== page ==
Wednesday, April 6, 2011

How to edit someone else's work


Editing, editing, editing. If you don't do it, you've been the victim of it. As a professional grows in their career, the chances of having to do it increase, since you'll often be looking over your employees' work. As an editor, I'm constantly looking over others' work, and the last thing I want to do is discourage them

One of the biggest misconceptions about editing is that it's all about typos and punctuation. It isn't. A good editor will make your writing not just more correct, but also clearer, easier to read, and easier to understand.

When possible, I try to let the writer have at it in between each read, although sometimes the process does get squished together (then reads one and two usually blend together).  My editing process usually goes something like this.

First read
Don't pick up the pen just yet (I have to remind myself of this every time). Read it through once just to get a feel for the piece. How is the organization? Is the tone consistent with the type of writing you're doing (formal writing, marketing speak, journalistic, etc.)? If a writer is coming at it from the wrong angle, they've got bigger problems than comma use. Pick up a pen afterward if you need to note any major changes (usually arrows or short notes).

Second read
How is the flow? Is the main point high enough up in the document? Can wordy areas be cut? Where is more explanation needed?  During this second read, I also look for clarity and sentence structure. I prefer to make my comments using Word's track changes (rather than making direct edits in-line) because I want the writer to be able to do the changes instead of me touching the words at this point.

Last read
Typos, punctuations, word choices. This is where I get nitpicky. But if I don't have to edit something, I won't. Needless word changes or edits are just that: needless.

Sometimes you're only coming in at this last stage, and that's okay. Read with the pen (I do it often). But if you have a greater responsibility in shaping the work, I recommend taking a step back at first and honing it after all the pieces and tone are in place.

When you're being edited
One of the biggest things I try to convey to my writers is that my edits are not personal judgments on them or their writing. It's all about getting to that common goal of a well-written piece that conveys the message appropriately. I keep this in mind when I get my work edited as well (we all have an editor somewhere). Without it, I'd never grow as a writer. Yes, some of you will end up with editors that really do have an agenda (or pet peeve or other weird writing hangup), but just keep calm and learn to adjust a little for them if you can. Then find a writing project (like a journal or blog) to keep honing your own voice.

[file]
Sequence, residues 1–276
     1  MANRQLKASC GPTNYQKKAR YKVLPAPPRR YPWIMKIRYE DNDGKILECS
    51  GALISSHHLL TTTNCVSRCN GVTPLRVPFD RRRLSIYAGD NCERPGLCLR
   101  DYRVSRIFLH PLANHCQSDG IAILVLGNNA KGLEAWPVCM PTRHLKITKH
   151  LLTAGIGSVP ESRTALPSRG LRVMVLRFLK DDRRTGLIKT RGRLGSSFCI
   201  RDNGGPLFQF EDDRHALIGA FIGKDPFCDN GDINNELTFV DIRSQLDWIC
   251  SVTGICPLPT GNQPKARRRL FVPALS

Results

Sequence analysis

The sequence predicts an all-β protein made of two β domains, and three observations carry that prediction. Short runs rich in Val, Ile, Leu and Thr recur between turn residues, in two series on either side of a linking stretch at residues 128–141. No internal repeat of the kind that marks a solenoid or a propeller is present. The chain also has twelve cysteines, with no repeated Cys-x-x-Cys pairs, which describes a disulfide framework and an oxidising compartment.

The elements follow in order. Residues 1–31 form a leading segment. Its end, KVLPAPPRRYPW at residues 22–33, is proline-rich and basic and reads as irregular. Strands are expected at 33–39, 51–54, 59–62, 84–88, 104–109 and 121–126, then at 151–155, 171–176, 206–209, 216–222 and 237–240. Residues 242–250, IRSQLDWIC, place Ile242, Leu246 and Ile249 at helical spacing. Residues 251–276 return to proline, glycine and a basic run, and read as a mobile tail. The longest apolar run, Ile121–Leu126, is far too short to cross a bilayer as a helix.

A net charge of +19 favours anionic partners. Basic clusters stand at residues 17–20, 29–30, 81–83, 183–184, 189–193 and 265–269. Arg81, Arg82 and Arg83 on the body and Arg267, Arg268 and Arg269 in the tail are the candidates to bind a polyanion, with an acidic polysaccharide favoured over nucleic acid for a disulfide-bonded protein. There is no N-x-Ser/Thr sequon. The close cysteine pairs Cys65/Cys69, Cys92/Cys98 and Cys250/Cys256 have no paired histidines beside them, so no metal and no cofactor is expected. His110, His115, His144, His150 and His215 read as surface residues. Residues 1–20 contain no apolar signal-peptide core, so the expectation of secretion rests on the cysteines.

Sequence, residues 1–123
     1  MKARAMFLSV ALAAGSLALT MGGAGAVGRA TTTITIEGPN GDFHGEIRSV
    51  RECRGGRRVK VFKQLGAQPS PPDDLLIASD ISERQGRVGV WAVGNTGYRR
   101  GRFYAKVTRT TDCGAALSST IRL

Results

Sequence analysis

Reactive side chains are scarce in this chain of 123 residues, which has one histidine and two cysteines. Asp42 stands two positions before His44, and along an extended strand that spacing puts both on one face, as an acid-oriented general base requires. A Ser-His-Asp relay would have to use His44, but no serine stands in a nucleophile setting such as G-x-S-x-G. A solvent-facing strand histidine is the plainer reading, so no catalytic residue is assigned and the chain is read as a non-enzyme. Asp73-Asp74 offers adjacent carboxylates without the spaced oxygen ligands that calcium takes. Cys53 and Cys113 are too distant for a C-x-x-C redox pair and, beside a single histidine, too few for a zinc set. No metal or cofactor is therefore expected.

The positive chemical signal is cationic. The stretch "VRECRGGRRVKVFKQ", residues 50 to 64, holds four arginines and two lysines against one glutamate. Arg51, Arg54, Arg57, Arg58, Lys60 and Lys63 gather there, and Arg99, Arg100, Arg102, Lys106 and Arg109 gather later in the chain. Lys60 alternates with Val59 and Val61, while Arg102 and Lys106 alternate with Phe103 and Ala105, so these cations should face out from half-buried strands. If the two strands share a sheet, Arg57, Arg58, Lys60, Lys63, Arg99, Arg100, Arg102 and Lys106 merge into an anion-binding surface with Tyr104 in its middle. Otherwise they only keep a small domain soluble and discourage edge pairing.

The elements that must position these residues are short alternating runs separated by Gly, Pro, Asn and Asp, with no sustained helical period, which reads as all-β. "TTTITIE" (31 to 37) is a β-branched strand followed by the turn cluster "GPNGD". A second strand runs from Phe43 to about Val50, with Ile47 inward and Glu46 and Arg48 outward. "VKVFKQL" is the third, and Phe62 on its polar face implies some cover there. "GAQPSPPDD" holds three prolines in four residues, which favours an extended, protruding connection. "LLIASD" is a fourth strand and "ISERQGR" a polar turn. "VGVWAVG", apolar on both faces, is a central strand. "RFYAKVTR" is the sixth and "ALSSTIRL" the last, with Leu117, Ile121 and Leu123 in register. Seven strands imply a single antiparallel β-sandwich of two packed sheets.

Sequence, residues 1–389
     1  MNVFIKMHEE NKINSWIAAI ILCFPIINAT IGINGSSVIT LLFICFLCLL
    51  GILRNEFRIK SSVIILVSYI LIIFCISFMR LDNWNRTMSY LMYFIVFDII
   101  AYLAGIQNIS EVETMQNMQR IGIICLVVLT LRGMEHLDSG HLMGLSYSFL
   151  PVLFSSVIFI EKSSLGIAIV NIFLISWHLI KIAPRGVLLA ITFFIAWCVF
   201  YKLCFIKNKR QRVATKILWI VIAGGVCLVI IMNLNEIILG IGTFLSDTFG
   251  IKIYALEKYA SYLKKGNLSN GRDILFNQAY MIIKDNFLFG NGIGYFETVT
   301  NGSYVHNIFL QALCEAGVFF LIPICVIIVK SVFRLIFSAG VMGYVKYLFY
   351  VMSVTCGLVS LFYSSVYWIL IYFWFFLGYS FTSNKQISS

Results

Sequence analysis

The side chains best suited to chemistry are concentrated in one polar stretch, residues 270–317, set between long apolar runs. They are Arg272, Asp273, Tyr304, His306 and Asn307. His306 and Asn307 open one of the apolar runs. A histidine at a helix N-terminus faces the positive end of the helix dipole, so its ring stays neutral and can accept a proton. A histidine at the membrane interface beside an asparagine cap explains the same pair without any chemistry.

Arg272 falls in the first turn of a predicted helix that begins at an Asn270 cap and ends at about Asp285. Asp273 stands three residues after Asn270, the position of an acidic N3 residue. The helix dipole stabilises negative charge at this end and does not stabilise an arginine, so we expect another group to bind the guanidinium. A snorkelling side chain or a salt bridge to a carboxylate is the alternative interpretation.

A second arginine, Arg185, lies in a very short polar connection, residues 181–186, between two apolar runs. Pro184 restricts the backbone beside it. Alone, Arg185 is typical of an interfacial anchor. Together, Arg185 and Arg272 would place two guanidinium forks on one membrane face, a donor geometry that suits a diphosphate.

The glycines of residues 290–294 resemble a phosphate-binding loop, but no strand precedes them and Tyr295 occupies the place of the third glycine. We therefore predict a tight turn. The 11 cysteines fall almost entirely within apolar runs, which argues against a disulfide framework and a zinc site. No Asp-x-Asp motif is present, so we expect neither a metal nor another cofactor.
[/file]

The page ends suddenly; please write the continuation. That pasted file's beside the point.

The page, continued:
How do you edit others' work? How do you handle it when others edit your work?

13 comments:

  1. Great tips! I'm really bad about editing immediately and not reading the whole piece before touching it. I mostly edit PR, which is very formal and concise. I don't take it too personally when my work is critiqued, it just makes me a better writer.

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  2. Such a helpful post, I wish I could share that last part about editing not being a personal attack with everyone. One thing I do, when it comes to things like word choice and sentence structure, is to offer two or three different options for the writer to choose from. This gives them a feeling of being involved in the editing process (which most people appreciate, rather than handing a document off and not seeing it again until it's covered in red ink), and helps me get a much better feel for their style based on the choices they make.

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  3. I'm an editor by profession, so I've edited a huge variety of works & writers. One thing I always try to do is explain why I made a change (at least if it's more than adding a comma or fixing a typo). This is easy to do in MS Word's track changes - just add a "comment." Of course, if you're editing on paper, you can always add a sticky note for the same thing.

    Writing out the reason helps the writer learn, plus understand that you're not attacking them. Things like "company style is to use the serial comma" or "this phrase might not be understood to non-technical readers" will make your edits get a better reception & can help build a better relationship between editor & writer.

    Btw, my department published our own styleguide last June -- the Yahoo! Style Guide, available at amazon.com & on http://styleguide.yahoo.com if anyone is looking for more in-depth editing tips, specifically for the online world :-)